One becomes convinced from Professor Shackelford’s thorough study that William Short might have become president. Had he allowed Jefferson to oversee his reemergence as a national political figure in the 1790’s, as Jefferson did with Monroe, this astute, cultivated, worldly, and personable Virginian would undoubtedly have gone far. He was, however, independent of mind and spirit to an extent that prohibited his advance. He knew his own worth and expected more parochial Americans to recognize this. But, alas, he would not play politics at home, and ultimately traded position for the love of a woman who would not marry him.
As insightful as Professor Shackelford’s treatment is, there are noticeable gaps in discussions of Short’s disposition toward the other dramatis personae—except in the outstanding case of Short’s disregard for his mentor’s closest ally, James Madison. Shackelford might have speculated more about how Short’s estrangement from American politics produced in him contradictory feelings toward the Washington and even Jefferson administrations. For example, Short does not appear to have shared Jefferson’s distaste for Alexander Hamilton. Did mentor and protege, both willful, even stubborn men, resolve this difference in perception? Simply insisting that Short in general adhered to republican notions of non-partisanship is not explanation enough when the author knows his subject so well. Shackelford does best, and is most entertaining, when he recounts the evidence hidden in obscure correspondence: there are the soap opera-like episodes that add spice to Short’s various and prolonged negotiations, such as that of the American courier John Blake who arrived in Madrid in 1793 and then took up with the wife or teenage daughter (it is never clear) of negotiator William Carmichael, who died before he could sail home.
Also, it is never quite clear at exactly what point Jefferson first began to refer to Short as his “adoptive son.” Shackelford does so throughout the book, and it is not until chapter nine that the reader sees, tucked away in a footnote, the passing reference in Jefferson’s letter to American painter John Trumbull in 1789. (In general, the footnotes do not elaborate as much as might be hoped.) Nor is it clear how confident the author is that both Jefferson and Short embraced the affectionate designation of father and son, or even what being a protege’ meant to the fatherless Short. Short had ample reason to feel abandoned by Jefferson and in a certain sense may have come to pity the financially embattled sage of Monticello. But beyond the written record, Shackelford does not pursue the psychological dimension of Short’s most important formative relationship in sufficient depth. These failures are minor, however, and would not present themselves except that the author has provided such a rich exposition of his subject’s history.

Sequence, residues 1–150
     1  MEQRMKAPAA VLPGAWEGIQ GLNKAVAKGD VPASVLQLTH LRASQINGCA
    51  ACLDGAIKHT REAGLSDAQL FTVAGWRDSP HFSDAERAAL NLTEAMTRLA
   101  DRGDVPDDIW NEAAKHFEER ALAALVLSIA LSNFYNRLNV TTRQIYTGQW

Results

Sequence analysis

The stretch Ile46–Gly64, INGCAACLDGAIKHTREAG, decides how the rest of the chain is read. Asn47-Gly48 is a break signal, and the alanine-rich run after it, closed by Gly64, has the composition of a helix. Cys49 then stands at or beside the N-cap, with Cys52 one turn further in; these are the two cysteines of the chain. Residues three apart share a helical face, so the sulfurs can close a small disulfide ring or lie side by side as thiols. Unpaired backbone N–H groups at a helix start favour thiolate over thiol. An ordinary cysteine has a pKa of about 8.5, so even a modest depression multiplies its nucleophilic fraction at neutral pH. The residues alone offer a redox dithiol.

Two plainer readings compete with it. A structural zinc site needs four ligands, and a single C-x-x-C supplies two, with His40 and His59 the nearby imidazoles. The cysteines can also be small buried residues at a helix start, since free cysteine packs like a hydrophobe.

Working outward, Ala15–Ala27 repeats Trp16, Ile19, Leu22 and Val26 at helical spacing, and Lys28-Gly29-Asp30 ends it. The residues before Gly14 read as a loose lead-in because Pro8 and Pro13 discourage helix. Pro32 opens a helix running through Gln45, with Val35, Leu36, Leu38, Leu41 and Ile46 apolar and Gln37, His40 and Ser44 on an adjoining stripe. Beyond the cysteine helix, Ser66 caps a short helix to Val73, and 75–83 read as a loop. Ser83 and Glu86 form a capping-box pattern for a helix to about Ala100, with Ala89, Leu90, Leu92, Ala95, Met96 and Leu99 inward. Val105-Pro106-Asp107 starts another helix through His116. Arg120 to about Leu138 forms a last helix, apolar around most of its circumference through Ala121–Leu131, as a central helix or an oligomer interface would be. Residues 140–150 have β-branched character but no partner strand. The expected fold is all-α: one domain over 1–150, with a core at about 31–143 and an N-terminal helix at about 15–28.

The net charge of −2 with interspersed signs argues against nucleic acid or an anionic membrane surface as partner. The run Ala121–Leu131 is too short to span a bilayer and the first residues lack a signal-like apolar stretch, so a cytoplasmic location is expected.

One other discrepancy deserves mention: the Library of Congress listing before the table of contents gives Short’s dates as 1759-1849, incorrectly adding a year to an already long life. But the long and short of it is, William Short as depicted by George Shackelford is a vital and multi-faceted personality who, we now know, belongs in the lineup of energetic early American leaders alongside some others who became more eminent than he largely because of their adeptness at self-promotion. Jefferson’s Adoptive Son is a very human portrait of a very worthy biographical subject.